ENDF, NJOY, and Applications

The ENDF formats were originally developed for use in the US national nuclear data files called ENDF/B (the Evaluated Nuclear Data Files). These files went through various versions with names like ENDF/B-III, ENDF/B-IV, and ENDF/B-VI, each version adding both improved data and new capabilities for representing nuclear data . The current ENDF-6 format can represent cross sections for neutrons, photons, and charged particles, including particle yields and distributions in angle and energy, for energies up to several hundred MeV, the radioactive decay properties of reaction products, and estimated errors and covariances of the various nuclear parameters. The ENDF format is now widely used around the world, including the JEF files in Europe, the JENDL files in Japan, and the BROND files in Russia. Thus, even though NJOY was originally designed to work with the US ENDF/B libraries, it now provides a universal capability to work with nuclear data libraries all over the world. For more information on the ENDF format, look at the Introduction to the ENDF Format, which is another web-based course similar to this one.

The NJOY Nuclear Data Processing System is a modular computer code designed to read evaluated data in ENDF format, transform the data in various ways, and output the results as libraries designed to be used in various applications. Each module performs a well defined processing task. The modules are essentially independent programs, and they communicate with each other using input and output files, plus a very few common variables.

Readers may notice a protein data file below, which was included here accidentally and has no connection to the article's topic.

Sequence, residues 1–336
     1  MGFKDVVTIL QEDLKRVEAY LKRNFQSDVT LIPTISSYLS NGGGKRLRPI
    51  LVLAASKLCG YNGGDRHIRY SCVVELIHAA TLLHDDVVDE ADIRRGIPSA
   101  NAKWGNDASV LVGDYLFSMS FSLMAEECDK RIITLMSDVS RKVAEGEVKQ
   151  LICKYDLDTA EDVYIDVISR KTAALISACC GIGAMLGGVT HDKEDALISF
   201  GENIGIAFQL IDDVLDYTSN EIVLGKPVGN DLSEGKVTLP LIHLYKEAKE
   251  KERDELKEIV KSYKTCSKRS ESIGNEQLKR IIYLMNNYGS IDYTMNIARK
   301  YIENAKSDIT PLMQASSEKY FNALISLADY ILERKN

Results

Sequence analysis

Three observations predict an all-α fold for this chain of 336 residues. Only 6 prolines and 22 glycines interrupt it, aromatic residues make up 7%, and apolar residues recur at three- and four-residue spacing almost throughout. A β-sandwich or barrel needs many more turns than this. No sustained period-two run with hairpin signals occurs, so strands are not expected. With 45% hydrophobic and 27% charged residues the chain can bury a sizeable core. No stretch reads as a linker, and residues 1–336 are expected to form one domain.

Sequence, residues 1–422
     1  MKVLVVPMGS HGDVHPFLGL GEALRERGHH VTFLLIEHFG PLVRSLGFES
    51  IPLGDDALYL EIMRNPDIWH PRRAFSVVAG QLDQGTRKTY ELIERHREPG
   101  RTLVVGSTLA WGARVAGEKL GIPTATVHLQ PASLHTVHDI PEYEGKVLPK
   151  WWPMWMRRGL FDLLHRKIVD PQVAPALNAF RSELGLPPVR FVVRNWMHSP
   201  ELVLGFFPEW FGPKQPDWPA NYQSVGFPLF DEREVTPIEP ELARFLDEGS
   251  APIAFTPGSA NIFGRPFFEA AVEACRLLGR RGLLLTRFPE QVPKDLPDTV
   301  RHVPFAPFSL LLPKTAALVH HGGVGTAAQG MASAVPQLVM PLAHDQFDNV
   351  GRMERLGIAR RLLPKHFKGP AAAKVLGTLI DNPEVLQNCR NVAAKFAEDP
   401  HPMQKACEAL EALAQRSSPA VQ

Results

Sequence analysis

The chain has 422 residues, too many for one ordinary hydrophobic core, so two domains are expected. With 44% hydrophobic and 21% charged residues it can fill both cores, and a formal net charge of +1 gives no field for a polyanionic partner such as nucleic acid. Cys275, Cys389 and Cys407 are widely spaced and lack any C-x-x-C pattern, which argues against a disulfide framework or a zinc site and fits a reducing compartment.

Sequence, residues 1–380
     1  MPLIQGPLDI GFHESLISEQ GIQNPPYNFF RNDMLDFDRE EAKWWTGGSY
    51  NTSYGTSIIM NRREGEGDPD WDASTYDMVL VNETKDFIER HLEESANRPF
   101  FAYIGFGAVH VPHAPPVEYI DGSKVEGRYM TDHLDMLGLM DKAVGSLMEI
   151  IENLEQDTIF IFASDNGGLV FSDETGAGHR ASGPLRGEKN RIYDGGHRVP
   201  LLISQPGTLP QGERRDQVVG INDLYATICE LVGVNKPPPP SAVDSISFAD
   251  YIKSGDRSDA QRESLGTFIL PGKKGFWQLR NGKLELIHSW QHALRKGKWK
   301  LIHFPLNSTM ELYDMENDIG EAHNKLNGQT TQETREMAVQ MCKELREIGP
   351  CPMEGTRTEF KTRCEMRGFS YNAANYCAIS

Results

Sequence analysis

• NJOY directs the flow of data through the other modules and contains a library of common functions and subroutines used by the other modules.

  • RECONR reconstructs pointwise (energy-dependent) cross sections from ENDF resonance parameters and interpolation schemes.

  • BROADR Doppler broadens and thins pointwise cross sections.

  • UNRESR computes effective self-shielded pointwise cross sections in the unresolved energy range.

  • HEATR generates pointwise heat production cross sections (KERMA coefficients) and radiation-damage cross sections.

  • THERMR produces cross sections and energy-to-energy matrices for free or bound scatterers in the thermal energy range.

  • GROUPR generates self-shielded multigroup cross sections, group-to-group scattering matrices, photon-production matrices, and charged-particle cross sections from pointwise input.

  • GAMINR calculates multigroup photoatomic cross sections, KERMA coefficients, and group-to-group photon scattering matrices.

  • ERRORR computes multigroup covariance matrices from ENDF uncertainties.

  • COVR reads the output of ERRORR and performs covariance plotting and output formatting operations.

  • MODER converts ENDF "tapes" back and forth between ASCII format and the special NJOY blocked-binary format.

  • DTFR formats multigroup data for transport codes that accept formats based in the DTF-IV code.